Financial leverage; we’ve grown our operating earnings quite nicely and our operating margin almost 1% for the last four years. It was 13% back in 2010, 14% in 2011, 16% in 2012, and we expect to do about 16% this year as well. We can see most of that leverage is coming from the sales and marketing line back to 30% in 2010. We expect that to get that down to 25% this year and the reason we are doing that is, we have 91 people in the field and that has not changed. As we pay a little bit of more variable commission of that fixed cost of that sales force is in place currently.
We put a target number out there. People ask now that you got to $100 million, can you keep the same strategy and grow – you continue to grow your revenue. We think we can keep our same strategy in niche products that we’re launching around 10 per year at that $2 million to $20 million of revenue and achieve $200 million in revenue without having to change our operating structure.
As we target kind of a 66% to 68% gross margin at that level, R&D the 10% that we target, because that will be a bigger dollar amount than that $200 million, but really the leverage is coming from sales and marketing. We think we can get that down at 22% of that $200 million in revenue. And if that’s case happens, our operating margin will be somewhere between 23% and 25% at that $200 million revenue base.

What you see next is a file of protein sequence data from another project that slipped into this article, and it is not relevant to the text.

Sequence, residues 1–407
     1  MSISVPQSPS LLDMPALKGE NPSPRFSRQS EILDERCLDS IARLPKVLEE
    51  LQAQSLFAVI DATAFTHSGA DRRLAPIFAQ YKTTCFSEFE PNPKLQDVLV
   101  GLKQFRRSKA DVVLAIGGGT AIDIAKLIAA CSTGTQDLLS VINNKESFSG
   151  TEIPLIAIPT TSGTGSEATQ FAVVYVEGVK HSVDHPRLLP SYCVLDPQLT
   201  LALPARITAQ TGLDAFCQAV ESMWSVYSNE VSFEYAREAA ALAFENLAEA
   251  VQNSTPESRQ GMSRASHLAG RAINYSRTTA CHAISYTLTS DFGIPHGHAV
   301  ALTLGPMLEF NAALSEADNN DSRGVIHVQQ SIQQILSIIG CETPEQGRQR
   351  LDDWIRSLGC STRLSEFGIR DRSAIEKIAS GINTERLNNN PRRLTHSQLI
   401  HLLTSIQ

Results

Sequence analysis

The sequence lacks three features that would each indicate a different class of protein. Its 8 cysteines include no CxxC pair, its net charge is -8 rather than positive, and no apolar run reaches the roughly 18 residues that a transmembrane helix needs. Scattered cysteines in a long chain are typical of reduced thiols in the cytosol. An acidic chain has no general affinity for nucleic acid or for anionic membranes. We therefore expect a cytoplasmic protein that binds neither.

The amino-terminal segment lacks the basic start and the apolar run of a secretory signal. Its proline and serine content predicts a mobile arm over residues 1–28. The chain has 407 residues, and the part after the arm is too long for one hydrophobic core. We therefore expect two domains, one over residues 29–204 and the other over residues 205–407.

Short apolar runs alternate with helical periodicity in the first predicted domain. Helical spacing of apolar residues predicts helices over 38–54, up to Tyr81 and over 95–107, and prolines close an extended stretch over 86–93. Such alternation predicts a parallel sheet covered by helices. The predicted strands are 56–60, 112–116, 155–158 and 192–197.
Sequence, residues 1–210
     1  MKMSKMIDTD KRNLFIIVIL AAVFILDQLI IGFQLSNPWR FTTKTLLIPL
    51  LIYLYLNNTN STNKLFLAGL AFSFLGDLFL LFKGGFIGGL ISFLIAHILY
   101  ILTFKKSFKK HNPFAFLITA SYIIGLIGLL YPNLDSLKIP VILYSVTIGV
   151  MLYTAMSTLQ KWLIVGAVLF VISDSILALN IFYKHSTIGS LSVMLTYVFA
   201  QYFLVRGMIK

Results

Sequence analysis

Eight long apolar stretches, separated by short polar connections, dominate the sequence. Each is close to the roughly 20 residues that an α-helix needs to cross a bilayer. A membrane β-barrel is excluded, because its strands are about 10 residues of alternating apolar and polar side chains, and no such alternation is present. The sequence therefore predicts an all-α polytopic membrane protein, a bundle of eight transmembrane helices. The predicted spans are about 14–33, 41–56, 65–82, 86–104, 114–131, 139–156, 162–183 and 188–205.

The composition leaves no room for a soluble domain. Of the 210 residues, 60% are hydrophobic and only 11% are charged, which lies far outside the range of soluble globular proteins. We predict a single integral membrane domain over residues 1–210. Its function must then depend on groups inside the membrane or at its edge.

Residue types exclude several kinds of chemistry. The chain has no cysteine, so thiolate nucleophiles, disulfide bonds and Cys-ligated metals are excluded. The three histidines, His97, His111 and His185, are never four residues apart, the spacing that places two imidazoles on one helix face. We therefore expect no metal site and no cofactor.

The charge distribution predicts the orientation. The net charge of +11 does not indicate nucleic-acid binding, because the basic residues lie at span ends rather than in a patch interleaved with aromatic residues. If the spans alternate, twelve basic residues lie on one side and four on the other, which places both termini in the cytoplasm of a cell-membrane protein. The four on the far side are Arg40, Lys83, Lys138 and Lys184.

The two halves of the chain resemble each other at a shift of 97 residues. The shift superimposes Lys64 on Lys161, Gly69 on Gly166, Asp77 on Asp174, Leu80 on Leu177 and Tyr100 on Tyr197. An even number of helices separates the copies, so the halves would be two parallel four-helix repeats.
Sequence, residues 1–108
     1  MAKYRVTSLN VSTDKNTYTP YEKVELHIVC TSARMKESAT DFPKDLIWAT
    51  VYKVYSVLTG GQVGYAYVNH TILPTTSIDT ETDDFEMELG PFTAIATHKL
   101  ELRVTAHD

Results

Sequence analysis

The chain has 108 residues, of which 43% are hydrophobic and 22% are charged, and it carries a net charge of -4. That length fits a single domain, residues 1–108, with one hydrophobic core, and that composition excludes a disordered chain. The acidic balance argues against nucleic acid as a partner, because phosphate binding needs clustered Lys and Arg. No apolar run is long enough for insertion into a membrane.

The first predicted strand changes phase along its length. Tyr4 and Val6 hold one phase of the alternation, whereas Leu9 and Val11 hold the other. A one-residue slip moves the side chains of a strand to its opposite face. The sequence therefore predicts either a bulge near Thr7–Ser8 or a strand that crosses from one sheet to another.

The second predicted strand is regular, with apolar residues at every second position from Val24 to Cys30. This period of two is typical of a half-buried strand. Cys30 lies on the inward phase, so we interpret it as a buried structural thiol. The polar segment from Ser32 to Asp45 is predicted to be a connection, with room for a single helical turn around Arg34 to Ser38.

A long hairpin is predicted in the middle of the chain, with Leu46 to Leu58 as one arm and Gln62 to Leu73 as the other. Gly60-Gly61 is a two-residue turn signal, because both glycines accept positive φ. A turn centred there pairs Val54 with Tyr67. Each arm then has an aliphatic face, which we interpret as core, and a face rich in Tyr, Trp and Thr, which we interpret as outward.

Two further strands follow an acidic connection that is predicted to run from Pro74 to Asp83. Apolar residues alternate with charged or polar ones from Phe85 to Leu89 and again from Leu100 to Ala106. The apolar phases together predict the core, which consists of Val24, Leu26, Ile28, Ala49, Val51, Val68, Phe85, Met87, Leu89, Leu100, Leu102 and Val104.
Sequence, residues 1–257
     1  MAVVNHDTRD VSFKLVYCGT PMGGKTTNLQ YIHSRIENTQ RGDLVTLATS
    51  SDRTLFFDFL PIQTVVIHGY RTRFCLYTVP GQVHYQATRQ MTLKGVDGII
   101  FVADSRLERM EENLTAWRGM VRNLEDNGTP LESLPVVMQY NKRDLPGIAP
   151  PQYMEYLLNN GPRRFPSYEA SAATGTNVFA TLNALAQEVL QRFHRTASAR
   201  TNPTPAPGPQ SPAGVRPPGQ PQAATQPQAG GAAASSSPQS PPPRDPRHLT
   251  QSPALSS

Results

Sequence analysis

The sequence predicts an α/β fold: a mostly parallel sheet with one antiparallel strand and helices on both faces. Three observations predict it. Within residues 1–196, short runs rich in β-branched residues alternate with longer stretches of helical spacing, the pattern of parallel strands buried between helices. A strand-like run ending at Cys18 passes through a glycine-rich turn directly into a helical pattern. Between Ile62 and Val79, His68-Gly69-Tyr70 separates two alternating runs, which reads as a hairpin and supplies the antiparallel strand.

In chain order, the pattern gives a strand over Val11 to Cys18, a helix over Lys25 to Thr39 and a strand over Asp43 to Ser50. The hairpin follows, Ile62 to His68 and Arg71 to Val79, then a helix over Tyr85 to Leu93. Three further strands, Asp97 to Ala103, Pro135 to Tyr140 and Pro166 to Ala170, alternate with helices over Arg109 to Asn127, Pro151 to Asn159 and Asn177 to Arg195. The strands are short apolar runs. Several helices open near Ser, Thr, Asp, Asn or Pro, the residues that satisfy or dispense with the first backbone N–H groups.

Balance sheet; so very clean balance sheet, we have $14 million in cash. We have no debt. We also have $10 million line of credit. We can draw if needed and our shares outstanding 16.5 million fully diluted shares, 17.6 outside the options of 1.1 million to round off that 17.6 number.
So in summary, we like our diversification. We have this 75 products currently, that have been launched since 2003. Our direct sales force is really the number one asset of the company. We go through distributors outside the U.S. Revenue growth, we have had nine consecutive years of 10% growth. We expect this to be our tenth consecutive year and if once we achieve our $108 million which is projected for 2013 and nicely profitable. We expect 16% operating margin for the full year and we expect $19 million in operating cash flow. The reason why that $19 million is higher, as I said, we are not paying cash for our taxes, so that’s where we get a nice cash flow on an operating basis.
And then full pipeline, we’ve been launching 10 plus products in the last two years. We don’t expect that to decrease. We currently have 30 plus products in our pipeline. Each quarter, each six months we’re constantly re-evaluating which of those 30 products, we expect to be able to launch. Our system has been built to essentially launch 10 products per year, so we take those 30 that are kind of in an ideal stage and we juggle those to whichever we think is the best opportunity.